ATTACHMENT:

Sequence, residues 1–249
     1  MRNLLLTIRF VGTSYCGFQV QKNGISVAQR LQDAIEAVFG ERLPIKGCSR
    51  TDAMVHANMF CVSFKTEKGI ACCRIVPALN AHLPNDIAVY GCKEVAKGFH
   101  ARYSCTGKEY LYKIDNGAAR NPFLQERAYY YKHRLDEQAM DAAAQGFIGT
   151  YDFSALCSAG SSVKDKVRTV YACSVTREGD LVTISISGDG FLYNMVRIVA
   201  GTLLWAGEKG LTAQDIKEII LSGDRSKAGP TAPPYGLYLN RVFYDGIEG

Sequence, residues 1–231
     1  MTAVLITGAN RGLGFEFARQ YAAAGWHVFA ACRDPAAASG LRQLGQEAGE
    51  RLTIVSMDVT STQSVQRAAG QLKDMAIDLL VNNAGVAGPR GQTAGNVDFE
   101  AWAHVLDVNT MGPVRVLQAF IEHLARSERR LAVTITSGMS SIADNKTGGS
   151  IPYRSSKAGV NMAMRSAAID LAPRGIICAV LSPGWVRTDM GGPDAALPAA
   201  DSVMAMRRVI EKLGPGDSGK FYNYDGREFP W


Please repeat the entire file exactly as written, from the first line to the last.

Sequence, residues 1–249
     1  MRNLLLTIRF VGTSYCGFQV QKNGISVAQR LQDAIEAVFG ERLPIKGCSR
    51  TDAMVHANMF CVSFKTEKGI ACCRIVPALN AHLPNDIAVY GCKEVAKGFH
   101  ARYSCTGKEY LYKIDNGAAR NPFLQERAYY YKHRLDEQAM DAAAQGFIGT
   151  YDFSALCSAG SSVKDKVRTV YACSVTREGD LVTISISGDG FLYNMVRIVA
   201  GTLLWAGEKG LTAQDIKEII LSGDRSKAGP TAPPYGLYLN RVFYDGIEG

Sequence, residues 1–231
     1  MTAVLITGAN RGLGFEFARQ YAAAGWHVFA ACRDPAAASG LRQLGQEAGE
    51  RLTIVSMDVT STQSVQRAAG QLKDMAIDLL VNNAGVAGPR GQTAGNVDFE
   101  AWAHVLDVNT MGPVRVLQAF IEHLARSERR LAVTITSGMS SIADNKTGGS
   151  IPYRSSKAGV NMAMRSAAID LAPRGIICAV LSPGWVRTDM GGPDAALPAA
   201  DSVMAMRRVI EKLGPGDSGK FYNYDGREFP W